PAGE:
Why The House Tax Cut May Disappoint Owners Of Pass-Through Entities

November 5, 2017 | By: Robert A. Green, CPA

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Forbes

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Nov. 14 update: The House improved HR-1′s pass-through entity provisions with RULES COMMITTEE PRINT 115–39, scrapping the original bill’s expansion of self-employment income (SEI). (See the details of the original proposal below.) The modified House bill helps middle-income taxpayers by adding an 11% maximum pass-through tax rate, phasing down to 9%, on the first $75,000 of business income, which phases out between $150,000 and $225,000 of income. Otherwise, the maximum 25% pass-through rate only provides tax relief in the 35% and 39.6% brackets. It’s not clear if a trading company, eligible for trader tax status and using Section 475 ordinary income, has “business income” and may qualify for the pass-through tax rate. 

Most small business owners who saw the aggressive advertising about tax reform thought they would receive a significant tax cut on pass-through entity (PTE) business income, but now that the House released its tax cut bill (Tax Cut & Jobs Act), we see the savings will be far less than expected. Additionally, the bill extends self-employment taxes to owners of S-Corporations, limited partners, and on rental income.

The 25% PTE rate only applies to the “capital percentage,” which by default is 30% for non-service businesses and 0% for service businesses. It does not apply to the remaining “labor percentage” attributed to the officer/owners. PTEs may use an “alternative capital percentage based on the business’s capital investments,” but for many, that may not improve the results by much.

Assume an active owner of a non-service business is in the 35% ordinary tax bracket. His actual PTE rate is 32%, calculated as follows: 70% labor percentage multiplied by the 35% ordinary rate; plus 30% capital percentage multiplied by the 25% PTE rate. The blended rate is just 3% less than the 35% ordinary rate — not a significant tax saving.

The bill’s Section-by-Section Summary (page 3) states, “Under the provision, a portion of net income distributed by a pass-through entity to an owner or shareholder may be treated as “business income” subject to a maximum rate of 25 percent, instead of ordinary individual income tax rates. The remaining portion of net business income would be treated as compensation and continue to be subject to ordinary individual income tax rates.”

Service businesses
The bill disfavors service companies probably related to the anti-abuse provision to prevent people from reclassifying employee wages as service company revenues. Service companies have a 0% default capital percentage, so zero business income is subject to the lower PTE rate.

The bill permits PTEs to use an “alternative capital percentage based on the business’s capital investments.” Manufacturers have significant business capital investments, but many service companies do not. If a service business operates virtually in the cloud, it may not have much capital investment in equipment. Service companies with significant capital equipment may receive some tax benefits from the PTE rules, but the savings won’t be substantial.

Trading vs. investment management businesses
The bill treats trader entities with trader tax status (TTS) and investment managers as service companies, but there is a critical difference. In a trading company, trading and investment income do not constitute “business income,” so a trading company may not use the 25% PTE rate, even if it has an alternative capital percentage.

Conversely, an investment manager’s advisory fees are business income, but the profit-allocation (carried interest) of trading and investment income are not business income. The investment manager with net business income may utilize the 25% PTE rate if it has an alternative capital percentage. Investment managers may have trading workstations and high-frequency trading equipment that may deliver a decent alternative capital percentage.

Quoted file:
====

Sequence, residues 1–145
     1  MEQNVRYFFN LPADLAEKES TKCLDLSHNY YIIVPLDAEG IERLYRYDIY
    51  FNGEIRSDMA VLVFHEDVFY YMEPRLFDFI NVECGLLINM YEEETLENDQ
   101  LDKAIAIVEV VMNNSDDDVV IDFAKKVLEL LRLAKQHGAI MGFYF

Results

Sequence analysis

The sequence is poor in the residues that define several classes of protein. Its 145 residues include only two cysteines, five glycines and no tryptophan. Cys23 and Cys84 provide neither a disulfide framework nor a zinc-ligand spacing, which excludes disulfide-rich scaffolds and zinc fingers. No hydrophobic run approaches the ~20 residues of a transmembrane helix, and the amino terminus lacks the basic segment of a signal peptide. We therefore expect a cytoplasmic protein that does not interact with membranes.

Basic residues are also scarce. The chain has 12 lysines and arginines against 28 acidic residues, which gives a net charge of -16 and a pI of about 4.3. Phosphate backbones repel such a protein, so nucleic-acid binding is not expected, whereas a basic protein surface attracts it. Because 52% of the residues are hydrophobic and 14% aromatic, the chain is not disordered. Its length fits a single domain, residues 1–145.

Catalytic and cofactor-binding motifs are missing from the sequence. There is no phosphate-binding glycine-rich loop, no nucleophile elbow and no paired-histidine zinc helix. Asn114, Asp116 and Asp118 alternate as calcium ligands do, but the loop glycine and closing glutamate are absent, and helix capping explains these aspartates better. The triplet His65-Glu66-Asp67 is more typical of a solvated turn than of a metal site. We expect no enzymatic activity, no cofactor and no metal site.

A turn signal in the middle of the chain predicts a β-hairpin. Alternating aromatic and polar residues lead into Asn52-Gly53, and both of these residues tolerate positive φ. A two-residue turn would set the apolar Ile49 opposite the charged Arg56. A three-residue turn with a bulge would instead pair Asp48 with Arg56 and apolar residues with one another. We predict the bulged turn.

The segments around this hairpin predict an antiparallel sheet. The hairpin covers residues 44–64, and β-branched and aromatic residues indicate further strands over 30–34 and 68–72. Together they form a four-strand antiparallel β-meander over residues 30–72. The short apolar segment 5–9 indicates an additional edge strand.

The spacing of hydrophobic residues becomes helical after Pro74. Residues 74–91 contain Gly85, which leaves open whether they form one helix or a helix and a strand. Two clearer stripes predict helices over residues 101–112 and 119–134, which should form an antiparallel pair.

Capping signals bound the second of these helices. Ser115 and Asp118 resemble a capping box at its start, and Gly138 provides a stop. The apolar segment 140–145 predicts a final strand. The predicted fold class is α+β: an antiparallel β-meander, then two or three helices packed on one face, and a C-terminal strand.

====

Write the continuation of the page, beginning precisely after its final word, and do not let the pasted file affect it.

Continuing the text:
The bill expressly excludes trading and investment capital from the business capital investment, and it states that trading and investment income are not business income.

The bill states, “SPECIFIED SERVICE ACTIVITY.—The term ‘specified service activity’ means any activity involving the performance of services described in section 1202(e)(3)(A), including investing, trading, or dealing in securities (as defined in section 475(c)(2)), partnership interests, or commodities (as defined in section 475(e)(2)).”

Limited partners get the PTE rate
The bill treats a limited partner’s entire distribution of business income as a capital percentage subject to the favorable maximum 25% PTE rate. The bill states, “Net income derived from a passive business activity would be treated entirely as business income and fully eligible for the 25% maximum rate.” Limited partners do not have a labor percentage since they are passive-activity owners. Some limited partners perform minor services, but not enough to satisfy the material participation standards in Section 469. The bill also subjects limited partner income to self-employment (SE) tax in Section 1402(a).

The bill expands self-employment income
Taxpayers calculate SE taxes based on self-employment income (SEI). It’s essential to understand SEI included vs. excluded items. SE taxes include Social Security and Medicare taxes. Social Security taxes are 12.4% up to the social security base amount ($128,700 for 2018) and 2.9 Medicare tax without an income limit. Obamacare added a 0.9%-Medicare surtax on earned income for people with AGI incomes over $200,000 single and $250,000 married.

The bill significantly expands the base of Section 1402 SEI for assessing SE tax. Tax writers did not mention this in earlier blueprints.

The bill adds these items to Section 1402(a):

• Labor percentage and capital percentage for PTEs.

• “Adjustment For S Corporation Wages – For purposes of this subsection, proper adjustment shall be made for wages paid to the taxpayer with respect to any trade or business carried on by an S corporation in which the taxpayer is a shareholder.”